Introduction to LDIFDE Export
The purpose of this page is to show you how to export user accounts from Active Directory. The killer advantage of LDIFDE over CSVDE is that you can modify existing objects with LDIFDE (but not with CSVDE). The disadvantage of LDIFDE is that it will not sit nicely in my spreadsheet, whereas CSVDE data is made for a table.
In term of learning, the tricky LDIFDE switches, it is much easier to begin with the export commands before moving on to import.
Topics for LDIFDE Export
- Scenarios to use LDIFDE
- LDIFDE – Export Examples
- LDIFDE – Examples of Adding filters
- Download your eBook: How to use LDIFDE commands – only $5.25
- LDIFDE – Import (However, I suggest you master Export first)
Adding a bulk lot of new users to Active Directory, complete with passwords.
Modifying existing users or groups in Window Server 2003 or Windows 2003.
Exporting Active Directory information. You may want to modify attributes then import again.
Changing schema information, for example adding email attributes.
Let us pause for a minute to think of what the acronym LDIFDE means. The L stands for LDAP. LDAP is the Active Directory language, protocol, method of finding objects. In this context, DIF means Data Interchange Format, whilst DE means Data Exchange. Put it altogether and you have LDIFDE – the name of the executable that you can use to manipulate user accounts and other objects in Active Directory.
It is no surprise that you need Active Directory installed before you can use LDIFDE. However, once Active Directory is installed you can execute LDIFDE from the command prompt.
Import users from a spreadsheet. Just provide a list of the users with their fields in the top row, and save as .csv file. Then launch this FREE utility and match your fields with AD’s attributes, click and import the users.
Optionally, you can provide the name of the OU where the new accounts will be born. Download your FREE bulk import tool.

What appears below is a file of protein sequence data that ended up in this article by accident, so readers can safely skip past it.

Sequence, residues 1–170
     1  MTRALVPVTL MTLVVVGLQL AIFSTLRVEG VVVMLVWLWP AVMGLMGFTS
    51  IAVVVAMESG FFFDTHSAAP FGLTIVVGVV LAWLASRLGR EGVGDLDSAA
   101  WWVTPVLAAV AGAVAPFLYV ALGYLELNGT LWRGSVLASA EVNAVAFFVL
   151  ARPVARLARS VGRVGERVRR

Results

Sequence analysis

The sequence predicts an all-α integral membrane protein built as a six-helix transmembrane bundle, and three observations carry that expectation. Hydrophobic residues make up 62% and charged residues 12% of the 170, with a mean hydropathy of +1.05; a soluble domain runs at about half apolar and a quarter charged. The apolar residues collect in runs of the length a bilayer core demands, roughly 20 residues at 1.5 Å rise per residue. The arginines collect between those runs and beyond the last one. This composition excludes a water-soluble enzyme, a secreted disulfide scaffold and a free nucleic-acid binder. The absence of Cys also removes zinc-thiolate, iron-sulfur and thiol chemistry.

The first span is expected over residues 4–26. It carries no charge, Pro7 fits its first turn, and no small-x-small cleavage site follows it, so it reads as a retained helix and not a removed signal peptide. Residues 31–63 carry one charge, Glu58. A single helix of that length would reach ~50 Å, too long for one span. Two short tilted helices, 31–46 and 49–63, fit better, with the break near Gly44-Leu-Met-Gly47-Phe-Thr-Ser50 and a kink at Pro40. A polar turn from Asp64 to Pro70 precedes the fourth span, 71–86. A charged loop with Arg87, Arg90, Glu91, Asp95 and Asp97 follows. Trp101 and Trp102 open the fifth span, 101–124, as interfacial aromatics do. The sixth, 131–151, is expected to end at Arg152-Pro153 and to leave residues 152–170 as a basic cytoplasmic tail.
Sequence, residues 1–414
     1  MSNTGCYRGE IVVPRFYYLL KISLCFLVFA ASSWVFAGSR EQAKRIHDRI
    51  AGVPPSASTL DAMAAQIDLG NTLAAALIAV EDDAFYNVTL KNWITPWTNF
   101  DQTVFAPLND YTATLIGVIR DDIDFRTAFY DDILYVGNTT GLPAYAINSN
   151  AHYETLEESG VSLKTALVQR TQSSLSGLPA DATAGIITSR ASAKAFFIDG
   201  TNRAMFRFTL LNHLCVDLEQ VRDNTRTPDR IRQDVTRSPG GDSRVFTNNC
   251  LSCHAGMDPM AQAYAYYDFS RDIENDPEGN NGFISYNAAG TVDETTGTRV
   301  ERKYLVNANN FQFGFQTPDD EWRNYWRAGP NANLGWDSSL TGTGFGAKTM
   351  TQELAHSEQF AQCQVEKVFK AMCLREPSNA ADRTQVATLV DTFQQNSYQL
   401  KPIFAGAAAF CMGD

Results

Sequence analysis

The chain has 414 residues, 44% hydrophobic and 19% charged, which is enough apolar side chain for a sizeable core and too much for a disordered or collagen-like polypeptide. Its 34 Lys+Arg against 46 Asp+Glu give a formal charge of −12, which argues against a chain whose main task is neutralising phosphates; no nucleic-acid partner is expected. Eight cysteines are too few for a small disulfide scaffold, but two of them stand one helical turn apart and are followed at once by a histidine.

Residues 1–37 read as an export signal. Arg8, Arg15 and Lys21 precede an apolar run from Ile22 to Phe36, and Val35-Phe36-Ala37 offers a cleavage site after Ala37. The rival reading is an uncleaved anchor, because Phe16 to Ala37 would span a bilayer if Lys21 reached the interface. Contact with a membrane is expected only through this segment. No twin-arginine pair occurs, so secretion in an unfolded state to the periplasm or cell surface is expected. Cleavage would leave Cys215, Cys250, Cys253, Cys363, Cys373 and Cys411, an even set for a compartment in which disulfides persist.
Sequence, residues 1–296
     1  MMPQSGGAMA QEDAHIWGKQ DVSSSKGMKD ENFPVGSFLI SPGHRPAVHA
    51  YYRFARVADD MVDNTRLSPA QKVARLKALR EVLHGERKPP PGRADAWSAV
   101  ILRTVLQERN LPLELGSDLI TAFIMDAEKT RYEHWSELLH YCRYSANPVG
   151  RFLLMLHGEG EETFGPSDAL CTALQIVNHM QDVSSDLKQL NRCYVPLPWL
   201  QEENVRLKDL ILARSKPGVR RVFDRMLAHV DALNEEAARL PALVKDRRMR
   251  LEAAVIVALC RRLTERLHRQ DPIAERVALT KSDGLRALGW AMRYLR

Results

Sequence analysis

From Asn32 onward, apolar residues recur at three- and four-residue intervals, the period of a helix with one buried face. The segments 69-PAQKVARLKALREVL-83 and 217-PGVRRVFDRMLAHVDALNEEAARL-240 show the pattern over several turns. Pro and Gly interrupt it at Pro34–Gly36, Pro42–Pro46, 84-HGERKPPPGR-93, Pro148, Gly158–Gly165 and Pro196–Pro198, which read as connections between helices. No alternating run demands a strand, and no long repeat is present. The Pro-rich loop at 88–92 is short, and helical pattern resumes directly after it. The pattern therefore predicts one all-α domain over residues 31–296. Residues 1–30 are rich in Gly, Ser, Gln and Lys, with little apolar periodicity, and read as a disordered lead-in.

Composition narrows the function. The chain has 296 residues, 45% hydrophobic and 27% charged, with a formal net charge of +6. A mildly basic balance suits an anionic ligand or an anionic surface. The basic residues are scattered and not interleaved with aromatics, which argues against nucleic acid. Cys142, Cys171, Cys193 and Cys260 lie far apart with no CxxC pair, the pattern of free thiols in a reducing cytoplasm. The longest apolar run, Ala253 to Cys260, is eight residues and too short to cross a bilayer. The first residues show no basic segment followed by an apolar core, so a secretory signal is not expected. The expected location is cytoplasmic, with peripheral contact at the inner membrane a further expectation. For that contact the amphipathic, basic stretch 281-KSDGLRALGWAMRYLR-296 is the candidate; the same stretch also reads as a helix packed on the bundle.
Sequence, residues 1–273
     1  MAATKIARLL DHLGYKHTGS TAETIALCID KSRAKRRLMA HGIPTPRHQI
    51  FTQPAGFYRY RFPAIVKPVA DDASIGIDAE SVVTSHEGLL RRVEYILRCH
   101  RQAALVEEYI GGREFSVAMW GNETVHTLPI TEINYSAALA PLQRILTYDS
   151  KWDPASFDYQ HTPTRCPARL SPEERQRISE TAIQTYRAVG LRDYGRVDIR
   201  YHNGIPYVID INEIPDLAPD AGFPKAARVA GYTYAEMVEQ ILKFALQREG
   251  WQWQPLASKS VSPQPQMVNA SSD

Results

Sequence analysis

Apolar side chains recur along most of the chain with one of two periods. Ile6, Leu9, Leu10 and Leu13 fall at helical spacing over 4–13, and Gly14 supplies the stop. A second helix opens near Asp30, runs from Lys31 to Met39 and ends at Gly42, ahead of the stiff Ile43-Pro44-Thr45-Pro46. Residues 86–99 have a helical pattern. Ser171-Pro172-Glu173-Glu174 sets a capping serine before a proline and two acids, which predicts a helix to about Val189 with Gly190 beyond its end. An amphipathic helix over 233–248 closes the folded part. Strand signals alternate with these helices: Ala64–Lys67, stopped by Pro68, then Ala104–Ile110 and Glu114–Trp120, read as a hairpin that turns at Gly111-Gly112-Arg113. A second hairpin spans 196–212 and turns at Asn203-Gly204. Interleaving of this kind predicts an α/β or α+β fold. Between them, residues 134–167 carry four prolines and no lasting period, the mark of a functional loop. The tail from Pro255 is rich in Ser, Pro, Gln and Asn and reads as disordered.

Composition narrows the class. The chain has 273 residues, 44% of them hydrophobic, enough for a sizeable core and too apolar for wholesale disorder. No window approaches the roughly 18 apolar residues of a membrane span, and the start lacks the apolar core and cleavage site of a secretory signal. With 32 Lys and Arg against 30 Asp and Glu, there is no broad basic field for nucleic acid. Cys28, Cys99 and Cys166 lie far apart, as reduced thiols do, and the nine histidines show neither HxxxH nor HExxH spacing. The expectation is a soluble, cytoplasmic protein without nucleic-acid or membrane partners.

If you need more comprehensive software, download a free trial of SAM (Server & Application Monitor)
The situation is, you want to extract user accounts from Active Directory. Perhaps you are doing this with a view to making changes, then importing them back into Active Directory. Alternatively, you may just want to practice the export to gain experience because LDIFDE -f filename, is harmless compared with the import command. Note that export is the default so you do not need a -i switch, all you need is the -f switch and a filename.
ldifde -f export.ldf -s BigServer (Where BigServer is your domain controller and export.ldf is the filename)
In theory you can export user accounts by just giving the filename, but I find you need the -s switch to connect to the server. (-s BigServer)
Type your ldifde commands in notepad, then save as a .bat file then execute your .bat file from DOS.
Use the -r switch to filter your data, for example: the command to export only computer objects on a server called BigServer is:
ldifde -f ExportComputer.ldf -s BigServer -r "(objectclass=computer)"
Gradually add to your basic ldifde file, pay attention to the syntax e.g. "speech marks", commas
Exporting only the LDIFDE fields you want with -l (lower case L)
ldifde -f ExportUser.ldf -s BigServer -r "(objectclass=user)" -l "dn, cn, givenName, sn, department"
You can see that ldifde uses LDAP attributes so it worth learning the basics of the names and what they are used for. See more in my ebook.
Summary of LDIFDE Export
It is best to begin your research into LDIFDE with the Export commands. Not only are the export switches easier, but also there is no chance of damaging your Active Directory accounts.
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